Joe Butler, taking notes on the Lower Canyons trip of 1981
Numerous Lower Canyons trips were run during the 1980's by the HCC, and they were organized and led by a number of HCC members, including myself. It was certainly a great time for river exploration, and I realized that one thing was lacking for anyone who desired to make this trip. That was a good guidebook. Joe was always taking notes during the trips. With Joe Butler's extensive notes, I put together photos, topographic maps and historical comments into my first river guidebook -- The Lower Canyons of the Rio Grande. Published in 1988, this guidebook became a model for four other river guides to the rivers of West Texas. All are still in print today.
Roy and Jan Edwards, Pete Salzman, Leonard Hulsebosch, Louis Aulbach, Don Windemiller,
and Lillian and Chet Tigard (in front), beginning of a Lower Canyons trip, c1987.
The decade of the 80's was a time in which there were many HCC trips to the Lower Canyons and Boquillas Canyon, but there were also numerous weekend trips to the Guadalupe, the San Marcos and the Medina River. With the need to improve the canoeing skills in moving water, Joe Butler organized an ACA instructional class on the San Marcos that was taken by several HCC members. The ability to negotiate rapids through fundamental boat control maneuvers was essential to successful expedition trips. As the HCC members gained these skills and practiced them on the Hill Country streams, the more the HCC extended their trips to the wild and remote rivers of West Texas. It was during this time that I paddled with HCC members Chet and Lillian Tigard, John Ohrt, Leonard Hulsebosch and many others.
In March of 1988, Leonard Hulsebosch organized a trip on the Pecos River. The HCC had not paddled the Pecos in several years and little information about the river was known to us. The trip did include Lynn Larremore who had been on the river previously. This trip down the Pecos River added a new dimension to expedition paddling for many of us. The Lower Pecos River flows through remote and largely inaccessible canyon lands which have been inhabited for over 4,500 years. The early inhabitants in the river corridor left pictographic and petroglyphic evidence of their life along the river. The extensive collection of archeological sites made the Pecos River a favorite adventure for HCC members.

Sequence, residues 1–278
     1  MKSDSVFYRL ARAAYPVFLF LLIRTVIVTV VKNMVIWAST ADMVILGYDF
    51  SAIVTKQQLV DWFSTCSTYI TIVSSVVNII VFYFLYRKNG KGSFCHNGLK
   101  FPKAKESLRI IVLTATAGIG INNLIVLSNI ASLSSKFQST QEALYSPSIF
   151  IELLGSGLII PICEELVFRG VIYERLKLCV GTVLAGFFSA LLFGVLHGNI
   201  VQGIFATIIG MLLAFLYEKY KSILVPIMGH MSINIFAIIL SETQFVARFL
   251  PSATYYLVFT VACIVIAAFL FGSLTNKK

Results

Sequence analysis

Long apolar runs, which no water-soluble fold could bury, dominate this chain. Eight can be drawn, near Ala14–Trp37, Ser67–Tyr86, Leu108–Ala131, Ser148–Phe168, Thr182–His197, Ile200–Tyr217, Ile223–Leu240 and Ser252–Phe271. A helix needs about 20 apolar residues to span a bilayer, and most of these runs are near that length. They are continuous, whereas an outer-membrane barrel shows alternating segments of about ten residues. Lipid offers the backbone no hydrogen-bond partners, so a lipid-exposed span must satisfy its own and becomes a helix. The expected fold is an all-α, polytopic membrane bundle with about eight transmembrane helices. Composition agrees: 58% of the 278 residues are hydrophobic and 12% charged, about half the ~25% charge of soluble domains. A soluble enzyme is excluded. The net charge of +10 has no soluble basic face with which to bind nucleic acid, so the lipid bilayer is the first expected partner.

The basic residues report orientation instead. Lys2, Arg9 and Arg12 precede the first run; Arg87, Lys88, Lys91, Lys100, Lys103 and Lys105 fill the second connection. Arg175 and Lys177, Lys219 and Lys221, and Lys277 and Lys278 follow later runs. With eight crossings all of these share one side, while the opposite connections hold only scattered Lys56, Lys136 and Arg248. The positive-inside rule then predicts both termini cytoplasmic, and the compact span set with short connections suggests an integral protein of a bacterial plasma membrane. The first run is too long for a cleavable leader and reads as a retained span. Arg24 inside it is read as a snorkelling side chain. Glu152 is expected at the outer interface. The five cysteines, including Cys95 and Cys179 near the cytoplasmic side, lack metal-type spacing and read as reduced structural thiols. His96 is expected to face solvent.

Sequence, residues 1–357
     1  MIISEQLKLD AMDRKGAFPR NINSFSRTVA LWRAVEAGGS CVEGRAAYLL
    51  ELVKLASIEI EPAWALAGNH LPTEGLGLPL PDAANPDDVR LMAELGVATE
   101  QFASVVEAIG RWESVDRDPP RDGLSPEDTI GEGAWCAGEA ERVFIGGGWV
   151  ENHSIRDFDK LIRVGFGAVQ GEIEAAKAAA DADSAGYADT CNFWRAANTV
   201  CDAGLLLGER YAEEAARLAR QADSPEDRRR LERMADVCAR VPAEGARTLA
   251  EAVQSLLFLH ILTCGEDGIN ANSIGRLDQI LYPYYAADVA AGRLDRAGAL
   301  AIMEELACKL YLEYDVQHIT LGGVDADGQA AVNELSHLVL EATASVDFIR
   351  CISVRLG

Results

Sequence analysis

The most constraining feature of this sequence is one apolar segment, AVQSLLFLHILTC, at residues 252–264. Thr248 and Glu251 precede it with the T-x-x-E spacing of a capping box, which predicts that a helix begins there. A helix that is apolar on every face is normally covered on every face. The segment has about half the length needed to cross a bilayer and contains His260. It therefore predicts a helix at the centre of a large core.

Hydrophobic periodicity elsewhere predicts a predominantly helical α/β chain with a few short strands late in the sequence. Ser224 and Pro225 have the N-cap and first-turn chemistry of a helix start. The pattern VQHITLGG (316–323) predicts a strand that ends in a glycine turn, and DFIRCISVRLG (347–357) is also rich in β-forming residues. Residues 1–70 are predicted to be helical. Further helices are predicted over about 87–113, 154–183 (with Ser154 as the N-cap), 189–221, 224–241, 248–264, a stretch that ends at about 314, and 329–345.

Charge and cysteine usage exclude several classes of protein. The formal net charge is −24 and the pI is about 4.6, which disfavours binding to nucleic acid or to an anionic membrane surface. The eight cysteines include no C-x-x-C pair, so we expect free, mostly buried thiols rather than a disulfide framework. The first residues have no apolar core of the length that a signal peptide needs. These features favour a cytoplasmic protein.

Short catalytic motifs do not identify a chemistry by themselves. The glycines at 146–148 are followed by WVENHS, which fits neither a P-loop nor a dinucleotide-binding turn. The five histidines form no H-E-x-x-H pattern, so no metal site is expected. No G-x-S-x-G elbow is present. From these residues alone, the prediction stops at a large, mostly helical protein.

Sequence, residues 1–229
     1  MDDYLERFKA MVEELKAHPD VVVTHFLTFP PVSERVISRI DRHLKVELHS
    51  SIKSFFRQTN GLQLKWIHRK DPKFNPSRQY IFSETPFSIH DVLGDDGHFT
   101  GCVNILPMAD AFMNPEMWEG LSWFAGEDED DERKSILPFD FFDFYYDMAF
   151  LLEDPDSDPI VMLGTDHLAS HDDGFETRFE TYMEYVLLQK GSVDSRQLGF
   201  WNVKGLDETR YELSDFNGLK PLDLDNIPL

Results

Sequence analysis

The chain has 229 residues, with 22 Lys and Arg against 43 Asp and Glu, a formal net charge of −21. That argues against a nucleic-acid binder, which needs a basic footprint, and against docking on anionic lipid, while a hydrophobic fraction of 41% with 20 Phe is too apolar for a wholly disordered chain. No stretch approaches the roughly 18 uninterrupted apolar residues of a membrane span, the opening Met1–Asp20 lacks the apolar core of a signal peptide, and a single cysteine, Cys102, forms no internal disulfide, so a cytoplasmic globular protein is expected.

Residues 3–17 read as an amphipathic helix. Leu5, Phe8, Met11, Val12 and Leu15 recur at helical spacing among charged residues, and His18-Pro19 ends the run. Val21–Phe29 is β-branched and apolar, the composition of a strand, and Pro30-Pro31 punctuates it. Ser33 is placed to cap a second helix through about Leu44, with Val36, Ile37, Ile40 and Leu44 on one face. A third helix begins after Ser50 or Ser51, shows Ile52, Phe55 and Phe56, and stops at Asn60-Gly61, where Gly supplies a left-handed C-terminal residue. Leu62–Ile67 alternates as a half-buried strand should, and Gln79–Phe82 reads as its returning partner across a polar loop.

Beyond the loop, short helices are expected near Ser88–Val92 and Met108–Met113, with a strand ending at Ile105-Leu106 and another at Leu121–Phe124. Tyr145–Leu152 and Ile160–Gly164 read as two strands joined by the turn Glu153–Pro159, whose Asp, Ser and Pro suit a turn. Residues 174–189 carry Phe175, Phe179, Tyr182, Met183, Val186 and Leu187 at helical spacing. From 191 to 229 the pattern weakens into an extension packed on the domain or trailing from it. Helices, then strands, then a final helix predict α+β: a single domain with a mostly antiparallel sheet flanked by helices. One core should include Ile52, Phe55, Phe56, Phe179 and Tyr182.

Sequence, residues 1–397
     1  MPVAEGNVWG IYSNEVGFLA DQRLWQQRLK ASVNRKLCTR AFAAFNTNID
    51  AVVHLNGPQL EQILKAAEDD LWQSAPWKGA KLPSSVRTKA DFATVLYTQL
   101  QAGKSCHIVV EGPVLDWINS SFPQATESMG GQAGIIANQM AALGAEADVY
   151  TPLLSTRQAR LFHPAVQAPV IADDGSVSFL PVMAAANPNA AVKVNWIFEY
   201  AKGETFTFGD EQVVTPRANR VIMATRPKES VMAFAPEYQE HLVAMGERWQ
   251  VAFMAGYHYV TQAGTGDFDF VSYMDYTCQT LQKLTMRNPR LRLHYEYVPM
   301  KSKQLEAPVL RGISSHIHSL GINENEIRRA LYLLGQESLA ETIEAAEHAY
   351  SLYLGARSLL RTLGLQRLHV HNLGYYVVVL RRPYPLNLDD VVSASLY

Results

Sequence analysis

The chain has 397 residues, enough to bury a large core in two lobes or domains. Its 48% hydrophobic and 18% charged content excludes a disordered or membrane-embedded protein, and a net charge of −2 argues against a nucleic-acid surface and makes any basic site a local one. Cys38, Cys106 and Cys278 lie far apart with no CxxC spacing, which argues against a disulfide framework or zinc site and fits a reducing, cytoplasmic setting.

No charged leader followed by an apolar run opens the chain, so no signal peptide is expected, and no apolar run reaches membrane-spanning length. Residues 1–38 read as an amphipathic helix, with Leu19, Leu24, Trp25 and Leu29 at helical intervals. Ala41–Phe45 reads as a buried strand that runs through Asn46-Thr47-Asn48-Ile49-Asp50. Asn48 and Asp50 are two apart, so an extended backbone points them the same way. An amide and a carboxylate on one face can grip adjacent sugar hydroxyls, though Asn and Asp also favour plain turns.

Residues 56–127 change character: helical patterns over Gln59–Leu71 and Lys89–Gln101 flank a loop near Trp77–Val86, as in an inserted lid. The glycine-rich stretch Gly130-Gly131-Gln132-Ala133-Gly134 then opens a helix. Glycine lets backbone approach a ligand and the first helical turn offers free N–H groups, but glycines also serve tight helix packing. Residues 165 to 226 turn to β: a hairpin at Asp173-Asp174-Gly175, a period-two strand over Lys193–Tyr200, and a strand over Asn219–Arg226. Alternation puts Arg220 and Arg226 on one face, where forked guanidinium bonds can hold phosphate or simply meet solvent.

Natalie Wiest, Ken Anderson and other HCC members at a Pecos River rock art site.
Leonard followed up that first Pecos trip with a canoe expedition on the Devils River. We paddled from Baker's Crossing to the Lake Amistad weir dam where our shuttle and tow out service picked us up for the 10 mile tow across the windy Lake Amistad.
Louis Aulbach and Leonard Hulsebosch at Dolan Falls on the Devils River, January, 1989
Jack Richardson joined the HCC in the early 1990's and his specialty was the Pecos River. He led so many trips on the Pecos during this time that he earned the title Pecos Jack! The Pecos River is a sixty mile trip down a pool and drop river that can be hard on your boat and hard on your body. The challenging fluted areas of shallow water can test anyone's skill at reading the current. But, the extraordinary beauty of the dramatic canyon landscape makes the Pecos River one of the most rewarding river experiences in Texas. Jack and I collaborated on a guidebook for the Pecos in 1996. Jack set a standard pattern for running the Pecos that is still common today.
HCC members at Pandale, prior to a Pecos trip, Tom Helzer, Jack Richardson,
Mike Clark, Bob Mabe, and Tom's dog Molly, c1995.